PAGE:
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Should Medication Assisted Treatment be Long Term?

Opioid addiction is a chronic condition, more like diabetes than pneumonia. It’s never really cured, only managed. How that addiction is managed depends on the individual case, including how long the addict has been using and how heavily.

There are three medications primarily used in treating opioid addiction. The most well known is methadone. Methadone is a partial opioid agonist, which means it behaves much like an opioid in the brain except the pain killing and euphoric effects are severely blunted. This prevents cravings while allowing the addict to function normally. Although methadone is not a good drug for getting high, some people still try and so it’s only administered at treatment centers.

Another common medication is buprenorphine. It works in a way similar to methadone except there is a ceiling to its effects, meaning that the barely noticeable elevation in mood cannot be enhanced by taking more. This makes it nearly impossible to abuse and difficult to overdose on and recovering addicts can often take it at home with a prescription.

The third common medication is Vivitrol, or naltrexone. It works differently from methadone or buprenorphine. Vivitrol blocks the action of opioids in the brain so that they have no effect. An addict must be completely clean for two weeks before starting Vivitrol. It is usually administered as a shot once a month. Although it blocks the action of opioids, it does eliminate cravings or withdrawal symptoms like methadone or buprenorphine. This sometimes leads addicts to relapse after stopping Vivitrol or trying to overcome the blocking effect with higher doses.

Recovering opioid addicts may need medication indefinitely, depending on the severity of their addiction. This has led some people to assert that medication assisted treatment is only trading one addiction for another. This characterization ignores the fact that long term outcomes are much better for addicts on methadone or buprenorphine than those on heroin or other opioids. Methadone and buprenorphine use don’t escalate, they allow you to function normally, and they reduce or eliminate opioid cravings, which reduces risk of relapse.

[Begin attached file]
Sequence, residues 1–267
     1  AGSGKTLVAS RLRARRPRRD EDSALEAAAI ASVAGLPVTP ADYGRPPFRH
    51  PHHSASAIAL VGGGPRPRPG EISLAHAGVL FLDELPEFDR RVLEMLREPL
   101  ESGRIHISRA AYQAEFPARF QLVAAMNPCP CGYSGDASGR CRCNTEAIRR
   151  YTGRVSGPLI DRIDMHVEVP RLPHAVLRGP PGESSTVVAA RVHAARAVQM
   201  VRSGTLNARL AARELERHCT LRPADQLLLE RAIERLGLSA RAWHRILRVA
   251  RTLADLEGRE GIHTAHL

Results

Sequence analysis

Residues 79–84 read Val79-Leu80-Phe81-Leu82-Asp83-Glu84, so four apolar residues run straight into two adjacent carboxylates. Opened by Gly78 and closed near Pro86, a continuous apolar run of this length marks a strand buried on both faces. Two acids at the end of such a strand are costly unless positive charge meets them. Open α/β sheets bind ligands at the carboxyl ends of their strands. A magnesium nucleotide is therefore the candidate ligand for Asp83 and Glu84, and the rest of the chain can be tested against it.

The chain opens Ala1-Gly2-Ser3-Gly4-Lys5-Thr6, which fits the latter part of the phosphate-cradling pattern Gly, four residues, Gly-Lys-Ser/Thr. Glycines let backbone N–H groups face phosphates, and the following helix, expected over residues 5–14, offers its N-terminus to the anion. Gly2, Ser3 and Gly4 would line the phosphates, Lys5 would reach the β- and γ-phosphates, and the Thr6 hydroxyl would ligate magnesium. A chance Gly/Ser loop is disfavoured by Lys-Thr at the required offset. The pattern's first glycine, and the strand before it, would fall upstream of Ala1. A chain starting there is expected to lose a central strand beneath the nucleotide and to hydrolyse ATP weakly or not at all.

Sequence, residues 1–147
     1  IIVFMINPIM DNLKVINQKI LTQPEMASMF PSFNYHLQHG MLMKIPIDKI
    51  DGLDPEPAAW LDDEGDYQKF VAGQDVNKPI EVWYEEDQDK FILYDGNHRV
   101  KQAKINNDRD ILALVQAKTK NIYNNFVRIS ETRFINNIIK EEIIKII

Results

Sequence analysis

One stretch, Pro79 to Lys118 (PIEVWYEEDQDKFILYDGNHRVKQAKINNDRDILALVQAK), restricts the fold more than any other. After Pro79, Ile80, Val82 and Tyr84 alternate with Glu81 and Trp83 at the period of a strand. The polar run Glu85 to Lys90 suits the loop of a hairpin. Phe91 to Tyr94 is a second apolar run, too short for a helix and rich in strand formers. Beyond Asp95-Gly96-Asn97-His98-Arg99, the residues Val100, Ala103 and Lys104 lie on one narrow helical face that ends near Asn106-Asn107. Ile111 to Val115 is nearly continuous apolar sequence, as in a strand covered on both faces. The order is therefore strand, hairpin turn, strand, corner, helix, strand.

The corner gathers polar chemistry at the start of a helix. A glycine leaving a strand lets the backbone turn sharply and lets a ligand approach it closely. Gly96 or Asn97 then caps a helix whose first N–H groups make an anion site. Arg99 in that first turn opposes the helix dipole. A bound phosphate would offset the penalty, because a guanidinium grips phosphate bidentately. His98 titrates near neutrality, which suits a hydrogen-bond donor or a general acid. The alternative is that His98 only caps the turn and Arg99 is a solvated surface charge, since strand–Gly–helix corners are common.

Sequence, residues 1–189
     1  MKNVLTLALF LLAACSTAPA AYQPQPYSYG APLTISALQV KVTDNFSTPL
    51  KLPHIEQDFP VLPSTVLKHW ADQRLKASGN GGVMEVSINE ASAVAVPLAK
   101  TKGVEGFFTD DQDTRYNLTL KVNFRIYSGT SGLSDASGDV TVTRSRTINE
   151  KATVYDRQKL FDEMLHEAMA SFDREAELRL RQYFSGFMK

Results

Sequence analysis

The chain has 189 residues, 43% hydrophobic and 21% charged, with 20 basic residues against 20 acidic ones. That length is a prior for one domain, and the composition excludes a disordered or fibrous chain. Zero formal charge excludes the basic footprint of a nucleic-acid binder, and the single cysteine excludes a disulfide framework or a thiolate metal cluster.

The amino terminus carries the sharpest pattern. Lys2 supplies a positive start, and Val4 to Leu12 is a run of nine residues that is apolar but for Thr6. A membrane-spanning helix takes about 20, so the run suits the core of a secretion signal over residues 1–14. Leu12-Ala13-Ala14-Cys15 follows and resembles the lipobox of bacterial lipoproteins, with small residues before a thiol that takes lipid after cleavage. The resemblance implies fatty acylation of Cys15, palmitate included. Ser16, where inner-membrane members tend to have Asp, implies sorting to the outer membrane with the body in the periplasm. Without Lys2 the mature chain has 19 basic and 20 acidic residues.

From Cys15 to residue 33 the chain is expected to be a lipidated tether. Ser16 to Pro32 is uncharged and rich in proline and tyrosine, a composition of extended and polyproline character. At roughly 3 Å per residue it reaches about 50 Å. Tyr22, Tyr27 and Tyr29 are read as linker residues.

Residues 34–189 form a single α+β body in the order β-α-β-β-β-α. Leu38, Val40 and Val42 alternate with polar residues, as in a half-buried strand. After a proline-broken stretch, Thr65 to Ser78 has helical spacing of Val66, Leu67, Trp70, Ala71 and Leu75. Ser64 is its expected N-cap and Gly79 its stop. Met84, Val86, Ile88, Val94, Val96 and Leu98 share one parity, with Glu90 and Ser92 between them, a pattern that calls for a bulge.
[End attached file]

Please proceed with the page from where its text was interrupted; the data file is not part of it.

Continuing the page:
Methadone and buprenorphine can be taken safely for years, if necessary. If at some point the recovering addict wants to stop taking medication, her doctor can wean her off gradually. Methadone and buprenorphine are similar enough to opioids that stopping suddenly will cause withdrawal symptoms.

Less is known about the long term use of Vivitrol. It has shown a lower risk of relapse after six months but has not been studied over longer periods. The appeal of Vivitrol is that while taking regular injections, the recovering addict remains drug free–aside from the Vivitrol, of course. Whether an addict stays in recovery after stopping Vivitrol depends on the severity of the addiction and how well the other aspects of the addiction have been addressed in treatment.

Human dignity has value. When a loved one chooses detox, they should be comfortable and treated with respect. Struggling with addiction is not something punished. Recovery should be supported with empathy and acceptance. Gardens Detox stands out, changing the way the industry approaches detox. Call us today for information on our programs:  (844) 325-9168